Marital dissolution and the division of marital assets is a very challenging and often upsetting experience. Finalizing a divorce involves many important decisions and the resulting changes such as "Who gets the house" and What is it worth"? There are generally two options regarding the marital home - it can be sold and the proceeds appropriately divided between the parties - one party can "buy out" the other and become an individual owner. In either case, one or both parties will likely be advised to obtain one or two appraisals of the marital home by a certified real estate appraiser. This can quickly become an additional divorce complication as there are instances when the competency of two different appraisers could result in two very different opinions of the value of the marital home.
If a compromise is not possible between the disputing soon-to-be-ex spouses, the matter will go to a hearing and trial and the court will decide which of the two opinions is the most credible (worthy of belief). It is very important to know that real estate agents (Realtors) do not provide appraisals unless they are licensed or certified by an appraisal licensing jurisdiction to represent them-self as a real estate appraiser. Therefore, their scope of license allows them to offer a price opinion which is not the same as a certified market value opinion. Terms like market price and market value opinion are very different economic concepts and the court will require a certified appraisal with a report containing a market value opinion (sometimes called a fair market value opinion).
Divorce appraisals require a well supported, professional appraisal that is defensible and for a very good reason. Should the marital dispute escalate and become unreasonable, the matter involving the division of shared assets is likely to go to trial. In such a situation, the credibility of an appraisal report and the testimony services of an expert witness associated with each appraisal may be necessary. The cost to testify will be an additional cost to the litigants and is not related to legal representation costs. If testimony is necessary, the court will settle the matter based on their opinion as to which of the two different appraisal opinions is the most credible (unbiased, well supported and worthy of belief).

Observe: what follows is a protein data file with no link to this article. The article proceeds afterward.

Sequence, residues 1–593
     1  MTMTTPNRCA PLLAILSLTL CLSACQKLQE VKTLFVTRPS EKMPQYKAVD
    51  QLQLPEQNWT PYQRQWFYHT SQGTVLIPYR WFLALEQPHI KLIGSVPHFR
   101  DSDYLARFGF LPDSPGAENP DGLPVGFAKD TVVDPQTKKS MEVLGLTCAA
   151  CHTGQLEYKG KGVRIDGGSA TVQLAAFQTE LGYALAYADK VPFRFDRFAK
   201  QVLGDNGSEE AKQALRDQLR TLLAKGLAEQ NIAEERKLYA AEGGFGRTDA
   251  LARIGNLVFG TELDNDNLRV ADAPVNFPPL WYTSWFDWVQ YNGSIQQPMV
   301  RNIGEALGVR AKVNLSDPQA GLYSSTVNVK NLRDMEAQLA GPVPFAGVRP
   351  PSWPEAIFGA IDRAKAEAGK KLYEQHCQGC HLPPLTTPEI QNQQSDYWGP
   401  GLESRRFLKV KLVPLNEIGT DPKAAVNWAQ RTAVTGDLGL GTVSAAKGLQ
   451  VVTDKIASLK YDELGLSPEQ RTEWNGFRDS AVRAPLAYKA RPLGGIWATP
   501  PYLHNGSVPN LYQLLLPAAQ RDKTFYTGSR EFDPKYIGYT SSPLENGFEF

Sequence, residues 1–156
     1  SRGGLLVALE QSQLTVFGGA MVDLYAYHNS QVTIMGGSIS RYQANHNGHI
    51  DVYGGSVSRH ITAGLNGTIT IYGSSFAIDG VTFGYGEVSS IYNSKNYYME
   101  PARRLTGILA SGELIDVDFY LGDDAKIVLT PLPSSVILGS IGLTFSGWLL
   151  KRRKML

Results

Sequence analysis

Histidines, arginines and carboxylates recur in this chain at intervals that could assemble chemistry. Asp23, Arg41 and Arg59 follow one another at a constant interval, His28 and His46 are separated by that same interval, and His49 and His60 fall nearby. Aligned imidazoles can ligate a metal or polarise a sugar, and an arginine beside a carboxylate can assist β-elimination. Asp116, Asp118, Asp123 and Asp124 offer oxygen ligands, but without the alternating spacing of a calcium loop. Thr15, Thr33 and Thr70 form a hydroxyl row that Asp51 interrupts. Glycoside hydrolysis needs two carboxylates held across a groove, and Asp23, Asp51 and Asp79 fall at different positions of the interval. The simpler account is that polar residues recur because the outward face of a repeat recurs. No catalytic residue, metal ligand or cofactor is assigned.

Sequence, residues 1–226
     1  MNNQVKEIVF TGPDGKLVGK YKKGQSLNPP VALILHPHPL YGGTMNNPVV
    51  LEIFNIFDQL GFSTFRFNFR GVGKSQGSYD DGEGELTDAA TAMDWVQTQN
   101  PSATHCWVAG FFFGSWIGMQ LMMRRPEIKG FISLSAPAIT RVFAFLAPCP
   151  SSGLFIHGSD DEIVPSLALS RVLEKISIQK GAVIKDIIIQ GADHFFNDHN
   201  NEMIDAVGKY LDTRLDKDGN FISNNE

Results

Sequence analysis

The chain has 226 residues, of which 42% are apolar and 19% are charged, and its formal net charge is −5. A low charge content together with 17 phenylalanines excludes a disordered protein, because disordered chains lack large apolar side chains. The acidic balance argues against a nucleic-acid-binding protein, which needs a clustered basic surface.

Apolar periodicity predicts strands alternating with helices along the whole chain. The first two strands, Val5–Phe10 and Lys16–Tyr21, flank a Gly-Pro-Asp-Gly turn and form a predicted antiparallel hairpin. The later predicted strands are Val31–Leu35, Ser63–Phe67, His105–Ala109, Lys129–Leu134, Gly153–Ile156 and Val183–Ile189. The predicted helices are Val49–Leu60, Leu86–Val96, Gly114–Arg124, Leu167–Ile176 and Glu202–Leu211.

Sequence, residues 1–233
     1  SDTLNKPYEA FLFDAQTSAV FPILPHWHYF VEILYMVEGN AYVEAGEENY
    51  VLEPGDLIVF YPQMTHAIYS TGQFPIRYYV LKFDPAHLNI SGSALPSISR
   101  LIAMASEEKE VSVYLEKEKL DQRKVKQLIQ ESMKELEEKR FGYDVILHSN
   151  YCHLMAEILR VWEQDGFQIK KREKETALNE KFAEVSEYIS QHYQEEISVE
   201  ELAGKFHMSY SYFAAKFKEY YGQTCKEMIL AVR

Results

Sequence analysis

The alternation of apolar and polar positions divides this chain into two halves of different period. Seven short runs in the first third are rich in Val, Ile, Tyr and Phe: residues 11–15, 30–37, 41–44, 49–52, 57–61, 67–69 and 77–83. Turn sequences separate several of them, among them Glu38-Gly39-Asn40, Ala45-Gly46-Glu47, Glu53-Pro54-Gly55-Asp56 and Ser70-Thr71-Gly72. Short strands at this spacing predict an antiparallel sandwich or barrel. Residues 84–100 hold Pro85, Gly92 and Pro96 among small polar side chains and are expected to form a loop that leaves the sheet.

When you order an appraisal from me, you are assured that you will get the best in professional service, courtesy and due diligence quality. I also know how to handle the sensitivity of a divorce matter; regardless of which spouse is in need of a market value appraisal. I am committed to a high standard of independent professional practice and to remaining impartial and objective to assure public trust in the appraisal services I provide. For that reason, there are times when I must decline involvement in a divorce because of professional conflict.
Attorneys and Accountants often rely on certified opinions when considering real property values. I understand their needs and am accustomed to dealing with all parties involved in many varied circumstances. I provide appraisal reports that meet the requirements of the courts and various other entities. As an attorney advising your client in a divorce, your needs oftentimes include an appraisal to establish fair market value for the residential real property involved. Often the effective date of the appraisal differs from the actual date you engage the appraisal service. I am familiar with the procedures and requirements necessary to perform a current or retrospective appraisal. The Ethics Rule of the Uniform Standards of Professional Appraisal Practice (USPAP) binds me to remain independent, impartial and objective and to protect confidentiality, thereby ensuring public trust in professional appraisal practice. I acknowledge that legal counsel are advocates for the cause and interests of their clients, however, as an Appraiser, I am prohibited from the practice of advocacy as that would create bias and breach public trust in my conduct.